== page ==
WNBA mock draft 2022, version 5.0: Will Baylor's NaLyssa Smith or Kentucky's Rhyne Howard go No. 1?

ByMechelle Voepel ESPN logo
Wednesday, April 6, 2022

Less than a week before the 2022 WNBA draft, the No. 1 overall pick has traded hands. The Atlanta Dream now own it after making a deal Wednesday with the Washington Mystics, who won the draft lottery in December. Atlanta will call out the first name Monday (7 p.m. ET, ESPN) at the draft in New York.

The Dream are under new management -- owners, general manager and coach all coming in last year -- after missing the playoffs four of the past five seasons. Atlanta, which had the No. 3 pick, swaps that with Washington. The Mystics also get the No. 14 pick in the second round, along with the right to switch 2023 first-round picks with Los Angeles, as the Dream have the rights to that pick.

The top two picks have seemed set for several months, but there's still some debate whether the Baylor Bears' NaLyssa Smith or the Kentucky Wildcats' Rhyne Howard will go No. 1 overall.

The Indiana Fever have four first-round picks, and how new general manager Lin Dunn and the Fever opt to use their selections will have a big impact on the rest of the first round.

Most of the seniors who were expected to be first-round picks declared for the draft, although the Iowa State Cyclones' Ashley Joens and South Carolina Gamecocks' Victaria Saxton -- who was projected to go in the second round -- opted to stay for a fifth college season. We have two draft-eligible juniors projected to go in the first round.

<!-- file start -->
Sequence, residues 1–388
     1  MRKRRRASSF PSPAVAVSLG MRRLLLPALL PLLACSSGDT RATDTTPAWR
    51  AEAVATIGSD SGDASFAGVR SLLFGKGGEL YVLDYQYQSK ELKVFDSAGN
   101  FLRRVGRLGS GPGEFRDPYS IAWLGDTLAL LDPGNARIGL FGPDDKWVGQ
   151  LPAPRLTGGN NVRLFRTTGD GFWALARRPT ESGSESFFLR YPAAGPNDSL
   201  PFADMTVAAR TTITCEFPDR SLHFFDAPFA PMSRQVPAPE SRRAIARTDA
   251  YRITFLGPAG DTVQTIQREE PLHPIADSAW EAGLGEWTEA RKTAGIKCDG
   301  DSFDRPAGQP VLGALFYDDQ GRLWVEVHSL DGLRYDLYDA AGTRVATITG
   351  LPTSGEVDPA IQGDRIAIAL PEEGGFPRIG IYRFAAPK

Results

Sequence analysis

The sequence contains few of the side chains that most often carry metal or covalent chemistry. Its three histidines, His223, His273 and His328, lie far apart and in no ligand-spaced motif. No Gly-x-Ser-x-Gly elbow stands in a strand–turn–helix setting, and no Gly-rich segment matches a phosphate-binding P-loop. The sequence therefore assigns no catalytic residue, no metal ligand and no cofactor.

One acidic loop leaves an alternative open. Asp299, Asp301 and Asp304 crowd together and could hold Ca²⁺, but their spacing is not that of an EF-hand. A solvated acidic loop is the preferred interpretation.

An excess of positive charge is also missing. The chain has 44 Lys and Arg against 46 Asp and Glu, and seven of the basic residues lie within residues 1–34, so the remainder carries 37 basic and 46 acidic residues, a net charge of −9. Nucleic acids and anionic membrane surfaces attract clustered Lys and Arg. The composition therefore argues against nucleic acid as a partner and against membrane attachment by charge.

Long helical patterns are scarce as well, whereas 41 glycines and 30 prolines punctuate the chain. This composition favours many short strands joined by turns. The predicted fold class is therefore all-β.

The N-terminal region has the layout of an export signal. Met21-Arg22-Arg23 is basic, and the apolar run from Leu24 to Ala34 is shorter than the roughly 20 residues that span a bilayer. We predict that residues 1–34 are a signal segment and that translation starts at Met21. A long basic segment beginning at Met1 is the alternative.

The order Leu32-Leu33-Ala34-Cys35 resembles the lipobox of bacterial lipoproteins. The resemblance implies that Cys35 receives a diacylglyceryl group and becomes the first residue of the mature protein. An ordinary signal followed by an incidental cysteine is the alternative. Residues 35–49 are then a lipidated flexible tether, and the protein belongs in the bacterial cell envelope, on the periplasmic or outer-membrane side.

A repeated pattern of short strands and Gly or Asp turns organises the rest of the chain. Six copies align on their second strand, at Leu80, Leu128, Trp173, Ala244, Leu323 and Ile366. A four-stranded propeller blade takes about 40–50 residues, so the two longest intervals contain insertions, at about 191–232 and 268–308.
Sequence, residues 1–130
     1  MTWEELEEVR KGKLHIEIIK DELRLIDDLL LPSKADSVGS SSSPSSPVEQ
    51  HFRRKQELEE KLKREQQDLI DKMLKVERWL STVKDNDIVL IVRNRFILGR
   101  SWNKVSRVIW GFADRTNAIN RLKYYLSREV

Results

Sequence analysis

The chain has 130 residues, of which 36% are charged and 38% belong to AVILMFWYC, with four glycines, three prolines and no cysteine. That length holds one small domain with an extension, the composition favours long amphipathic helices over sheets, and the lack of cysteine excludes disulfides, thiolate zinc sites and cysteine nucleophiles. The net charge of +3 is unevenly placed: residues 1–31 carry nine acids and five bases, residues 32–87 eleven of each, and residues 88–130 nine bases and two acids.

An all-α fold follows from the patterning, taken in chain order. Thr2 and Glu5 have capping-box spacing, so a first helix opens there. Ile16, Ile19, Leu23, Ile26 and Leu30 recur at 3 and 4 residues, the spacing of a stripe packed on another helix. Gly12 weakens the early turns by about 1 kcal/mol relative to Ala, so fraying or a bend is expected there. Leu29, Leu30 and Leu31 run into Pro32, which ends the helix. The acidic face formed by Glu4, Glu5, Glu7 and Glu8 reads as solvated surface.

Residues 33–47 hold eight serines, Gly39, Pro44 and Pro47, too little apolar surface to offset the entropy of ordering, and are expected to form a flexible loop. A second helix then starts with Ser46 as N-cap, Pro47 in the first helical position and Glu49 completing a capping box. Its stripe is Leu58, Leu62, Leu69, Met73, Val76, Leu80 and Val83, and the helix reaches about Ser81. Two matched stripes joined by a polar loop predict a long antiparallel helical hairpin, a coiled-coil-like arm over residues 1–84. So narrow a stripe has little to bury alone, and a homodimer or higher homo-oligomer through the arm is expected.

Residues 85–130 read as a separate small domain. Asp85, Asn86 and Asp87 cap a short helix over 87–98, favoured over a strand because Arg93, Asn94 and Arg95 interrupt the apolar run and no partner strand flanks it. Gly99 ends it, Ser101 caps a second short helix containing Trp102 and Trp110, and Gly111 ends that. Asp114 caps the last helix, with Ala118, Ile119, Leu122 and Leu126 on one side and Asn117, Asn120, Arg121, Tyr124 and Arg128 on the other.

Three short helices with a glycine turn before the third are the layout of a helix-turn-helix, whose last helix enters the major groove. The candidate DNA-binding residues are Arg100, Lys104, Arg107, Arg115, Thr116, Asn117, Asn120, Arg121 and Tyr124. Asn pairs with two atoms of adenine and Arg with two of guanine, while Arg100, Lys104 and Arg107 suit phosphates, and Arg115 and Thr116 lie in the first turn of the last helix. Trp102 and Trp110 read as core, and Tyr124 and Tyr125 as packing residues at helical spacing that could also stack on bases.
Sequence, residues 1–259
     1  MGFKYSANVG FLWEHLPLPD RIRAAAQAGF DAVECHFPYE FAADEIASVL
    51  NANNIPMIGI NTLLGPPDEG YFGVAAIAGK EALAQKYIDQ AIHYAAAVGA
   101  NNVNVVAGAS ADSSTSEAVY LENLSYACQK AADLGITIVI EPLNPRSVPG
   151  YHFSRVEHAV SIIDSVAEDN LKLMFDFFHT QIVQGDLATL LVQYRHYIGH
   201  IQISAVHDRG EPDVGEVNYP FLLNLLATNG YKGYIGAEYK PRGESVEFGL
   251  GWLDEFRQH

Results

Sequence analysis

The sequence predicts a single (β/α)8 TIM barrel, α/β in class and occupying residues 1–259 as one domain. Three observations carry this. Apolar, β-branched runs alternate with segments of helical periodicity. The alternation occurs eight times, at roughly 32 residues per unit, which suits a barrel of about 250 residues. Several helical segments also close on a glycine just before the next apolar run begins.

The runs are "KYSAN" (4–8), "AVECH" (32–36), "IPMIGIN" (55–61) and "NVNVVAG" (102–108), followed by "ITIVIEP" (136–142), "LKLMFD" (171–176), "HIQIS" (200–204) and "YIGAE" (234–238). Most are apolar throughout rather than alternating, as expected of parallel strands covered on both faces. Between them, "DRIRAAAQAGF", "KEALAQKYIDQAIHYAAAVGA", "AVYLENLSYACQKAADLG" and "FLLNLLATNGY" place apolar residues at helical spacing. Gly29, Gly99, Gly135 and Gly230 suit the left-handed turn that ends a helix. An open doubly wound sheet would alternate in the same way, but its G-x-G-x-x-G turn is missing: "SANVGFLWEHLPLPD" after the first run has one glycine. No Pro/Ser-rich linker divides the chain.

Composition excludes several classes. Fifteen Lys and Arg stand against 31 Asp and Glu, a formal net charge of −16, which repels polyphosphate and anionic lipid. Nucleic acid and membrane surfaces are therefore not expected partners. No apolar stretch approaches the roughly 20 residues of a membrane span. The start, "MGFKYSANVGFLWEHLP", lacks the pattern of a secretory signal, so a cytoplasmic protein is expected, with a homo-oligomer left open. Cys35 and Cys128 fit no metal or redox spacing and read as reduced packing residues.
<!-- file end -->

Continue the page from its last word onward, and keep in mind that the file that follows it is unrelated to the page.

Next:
With just 12 WNBA teams and 144 roster spots, even being a first-round pick doesn't guarantee a player will make a roster. It's harder for second-round picks, and harder still for those in the third round. But at least on Monday night, they all can experience the excitement of being drafted.

First round

1. Atlanta Dream: Rhyne Howard

Kentucky | guard | 6-foot-2 | senior

Howard finished the season averaging 20.5 PPG and 7.4 RPG. At 6-foot-2 with 284 career 3-pointers, she has a chance to be a really difficult matchup with her size on the perimeter. Howard has gone back and forth between No. 1 and No. 2 in draft projections. The Dream clearly made the deal they did because they wanted someone specifically. And if it's Howard, then she has the chance to be a pillar for the Dream to build around.

2. Indiana Fever: NaLyssa Smith

Baylor | forward | 6-foot-4 | senior